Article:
Monday, July 22, 2024

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Roman Torgovitsky returns to his alma mater, Harvard, on Saturday, this time to leave flowers the color of the Ukrainian flag for Harvard President Drew Gilpin Faust.

Roman Torgovitsky returns to his alma mater, Harvard, on Saturday, this time to leave flowers the color of the Ukrainian flag for Harvard President Drew Gilpin Faust.

Russian violinist and conductor Vladimir Spivakov and his Moscow Virtuosi Chamber Orchestra take to the stage right about now in New York’s Lincoln Center with a performance similar to what was seen at Harvard’s Sanders Theatre May 11 – down to the protesters out front who want Spivakov to know they’re unhappy he signed a letter approving of Russian aggression against Ukraine.

As you might imagine from people unhappy about the signing of a letter by an orchestra conductor, these protesters are passionate but polite. Here are scenes from the Cambridge protest, complete with children holding flowers and a performance by violinist Natasha Dukach:

And here’s how they prepared for Lincoln Center, including a semi-formal dress code and this gentle warning about the attitude to have throughout:

We are not there to insult Mr. Spivakov; he deserves respect for his music and charitable work. He is not a war criminal, he is also a victim of the regime. We want to show him that signing the letter was wrong and immoral and to inspire him to join our side.

This is why it was all the more dismaying that Harvard Police arrested a peaceful protester May 11 with a false report that seems like nothing more than overkill intended to portray aggression and a threat that didn’t exist. (Harvard Police still haven’t responded to a request for comment on the false report.)

Harvard overstepped its bounds in another, somewhat shocking way, according to protester accounts: At the apparent request of concert organizer Maestro Artist Management it barred yellow and blue flowers from entering Sanders Theatre because yellow and blue are the colors of the Ukrainian flag. (According to New York protest participant Kostya Tchourine, the plan there is not just to eschew dressing in blue and yellow as some did in Cambridge, but to abandon the flowers as well.)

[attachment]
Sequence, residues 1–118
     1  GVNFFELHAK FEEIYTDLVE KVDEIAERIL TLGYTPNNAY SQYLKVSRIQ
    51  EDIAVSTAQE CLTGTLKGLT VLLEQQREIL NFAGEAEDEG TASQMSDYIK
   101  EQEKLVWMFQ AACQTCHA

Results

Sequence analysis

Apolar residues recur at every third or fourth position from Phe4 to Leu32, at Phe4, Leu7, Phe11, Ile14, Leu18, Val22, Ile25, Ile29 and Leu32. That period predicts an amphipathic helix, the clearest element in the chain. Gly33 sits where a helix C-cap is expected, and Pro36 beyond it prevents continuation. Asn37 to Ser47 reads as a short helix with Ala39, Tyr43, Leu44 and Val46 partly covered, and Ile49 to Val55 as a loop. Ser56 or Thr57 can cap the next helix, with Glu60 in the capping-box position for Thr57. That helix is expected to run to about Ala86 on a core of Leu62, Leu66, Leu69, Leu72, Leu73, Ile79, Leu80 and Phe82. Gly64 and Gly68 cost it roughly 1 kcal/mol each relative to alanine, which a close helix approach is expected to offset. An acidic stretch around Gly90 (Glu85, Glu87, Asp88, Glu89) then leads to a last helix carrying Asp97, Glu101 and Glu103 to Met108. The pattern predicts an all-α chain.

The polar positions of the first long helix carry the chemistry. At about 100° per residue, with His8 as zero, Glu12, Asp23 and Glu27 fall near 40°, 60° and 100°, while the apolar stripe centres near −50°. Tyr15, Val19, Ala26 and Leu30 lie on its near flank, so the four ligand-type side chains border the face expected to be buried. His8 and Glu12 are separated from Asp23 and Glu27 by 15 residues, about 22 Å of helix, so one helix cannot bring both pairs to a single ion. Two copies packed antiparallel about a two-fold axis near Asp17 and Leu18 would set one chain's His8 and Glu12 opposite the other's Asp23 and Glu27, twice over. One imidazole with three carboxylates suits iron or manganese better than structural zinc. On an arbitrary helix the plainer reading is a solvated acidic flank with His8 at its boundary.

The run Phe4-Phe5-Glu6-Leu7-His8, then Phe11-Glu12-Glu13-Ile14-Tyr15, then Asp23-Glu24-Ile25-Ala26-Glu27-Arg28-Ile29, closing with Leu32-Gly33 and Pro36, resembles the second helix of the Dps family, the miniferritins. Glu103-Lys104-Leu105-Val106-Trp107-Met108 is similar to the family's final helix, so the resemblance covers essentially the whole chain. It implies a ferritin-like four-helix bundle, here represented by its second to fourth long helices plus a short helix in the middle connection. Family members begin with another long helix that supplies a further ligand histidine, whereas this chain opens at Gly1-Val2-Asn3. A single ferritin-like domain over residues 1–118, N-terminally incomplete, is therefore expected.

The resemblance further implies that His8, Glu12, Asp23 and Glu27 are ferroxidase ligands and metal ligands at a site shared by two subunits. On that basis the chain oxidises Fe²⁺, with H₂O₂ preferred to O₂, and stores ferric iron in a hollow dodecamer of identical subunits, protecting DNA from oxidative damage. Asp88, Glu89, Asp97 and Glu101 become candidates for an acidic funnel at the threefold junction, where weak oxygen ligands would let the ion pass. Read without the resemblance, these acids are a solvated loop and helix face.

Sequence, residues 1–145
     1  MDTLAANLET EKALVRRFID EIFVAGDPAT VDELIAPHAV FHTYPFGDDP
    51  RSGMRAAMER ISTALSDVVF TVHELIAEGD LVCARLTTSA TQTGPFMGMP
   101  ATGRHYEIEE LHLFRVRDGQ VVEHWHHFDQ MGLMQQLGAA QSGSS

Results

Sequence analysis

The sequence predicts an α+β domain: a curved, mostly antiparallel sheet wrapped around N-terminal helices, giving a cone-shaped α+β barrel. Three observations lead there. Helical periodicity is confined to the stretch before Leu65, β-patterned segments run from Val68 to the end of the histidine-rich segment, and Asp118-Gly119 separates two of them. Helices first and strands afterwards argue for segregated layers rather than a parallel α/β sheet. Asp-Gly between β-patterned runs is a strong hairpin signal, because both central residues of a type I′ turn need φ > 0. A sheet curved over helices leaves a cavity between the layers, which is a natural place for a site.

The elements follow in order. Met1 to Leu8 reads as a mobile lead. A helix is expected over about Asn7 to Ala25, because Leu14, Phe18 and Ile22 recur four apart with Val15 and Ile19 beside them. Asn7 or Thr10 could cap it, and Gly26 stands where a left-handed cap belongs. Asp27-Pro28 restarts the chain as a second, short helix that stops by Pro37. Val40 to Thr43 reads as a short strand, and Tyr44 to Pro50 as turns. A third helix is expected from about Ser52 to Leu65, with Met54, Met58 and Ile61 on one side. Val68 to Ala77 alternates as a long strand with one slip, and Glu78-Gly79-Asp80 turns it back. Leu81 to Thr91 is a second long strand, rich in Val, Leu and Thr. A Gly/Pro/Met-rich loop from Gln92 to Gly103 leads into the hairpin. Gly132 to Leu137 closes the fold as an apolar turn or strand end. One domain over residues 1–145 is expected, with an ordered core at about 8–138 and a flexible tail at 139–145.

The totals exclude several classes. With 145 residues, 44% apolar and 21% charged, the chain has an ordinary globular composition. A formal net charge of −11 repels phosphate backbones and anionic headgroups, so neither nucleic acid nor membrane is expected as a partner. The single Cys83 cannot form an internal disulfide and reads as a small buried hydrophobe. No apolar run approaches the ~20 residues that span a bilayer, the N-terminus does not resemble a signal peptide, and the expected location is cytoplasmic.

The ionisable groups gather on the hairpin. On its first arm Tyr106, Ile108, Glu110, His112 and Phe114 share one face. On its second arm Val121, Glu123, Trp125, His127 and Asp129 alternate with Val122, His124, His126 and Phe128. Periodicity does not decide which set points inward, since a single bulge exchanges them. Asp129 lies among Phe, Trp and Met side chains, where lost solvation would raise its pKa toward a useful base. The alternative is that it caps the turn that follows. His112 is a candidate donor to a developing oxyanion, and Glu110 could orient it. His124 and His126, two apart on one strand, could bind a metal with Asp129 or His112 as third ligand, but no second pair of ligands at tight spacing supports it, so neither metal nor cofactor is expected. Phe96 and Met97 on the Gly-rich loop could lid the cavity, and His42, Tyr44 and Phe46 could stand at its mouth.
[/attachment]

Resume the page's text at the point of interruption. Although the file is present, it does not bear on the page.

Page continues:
Torgovitsky said he left flowers for Faust on Saturday.

Torgovitsky said he left flowers for Faust on Saturday.

You know you’re treading in tragically compromised territory when you have police at the door confiscating certain colors of flowers from paying concertgoers.

“We learned that organizers have instructed ushers and police to take away blue and yellow flowers from the members of the audience – a rather disturbing move which turned Spivakov’s concert into an anti-Ukrainian event,” Cambridge protest co-organizer Dmitry Smelyanskiy said last week. “Too bad Harvard University did this.”

The man arrested at Sanders on May 11, a Harvard grad named Roman Torgovitsky, 38, returned to his alma mater Saturday to leave some of the blue and yellow flowers for Harvard President Drew Gilpin Faust with a letter expanding on his dismay:

At the entrance to Sanders Theatre, Harvard police were instructing people to surrender flower bouquets. I tried to inquire about the reason for such an unusual order, but when the police officer noticed a lone yellow flower – among dozens of other flowers of many colors – in my bouquet, he became even more persistent. As a Harvard alumni, I found this incident completely surreal – I could never have imagined that Harvard police would be stopping me from bringing flowers, of any color, to a concert hall. This would have been completely a matter of course in modern Russia, but in United States at Harvard?

Today, I am sending you bouquet of these beautiful yellow and blue flowers as a token of my appreciation for the great tradition of open discussion and inquiry that Harvard has been nurturing for years. I am also sending these flowers as reminder of how easy it is to lose the spirit of freedom and start turning into a police state – something that we can so clearly observe in modern Russia.

Harvard’s actions are sadly consistent with its approach to peaceable protest seen at least as far back as Occupy Harvard, when the university chose to close the gates to Harvard Yard in a successful attempt to turn its students against one another.

Here’s Torgovitsky’s complete letter:

Dear Dr. Faust,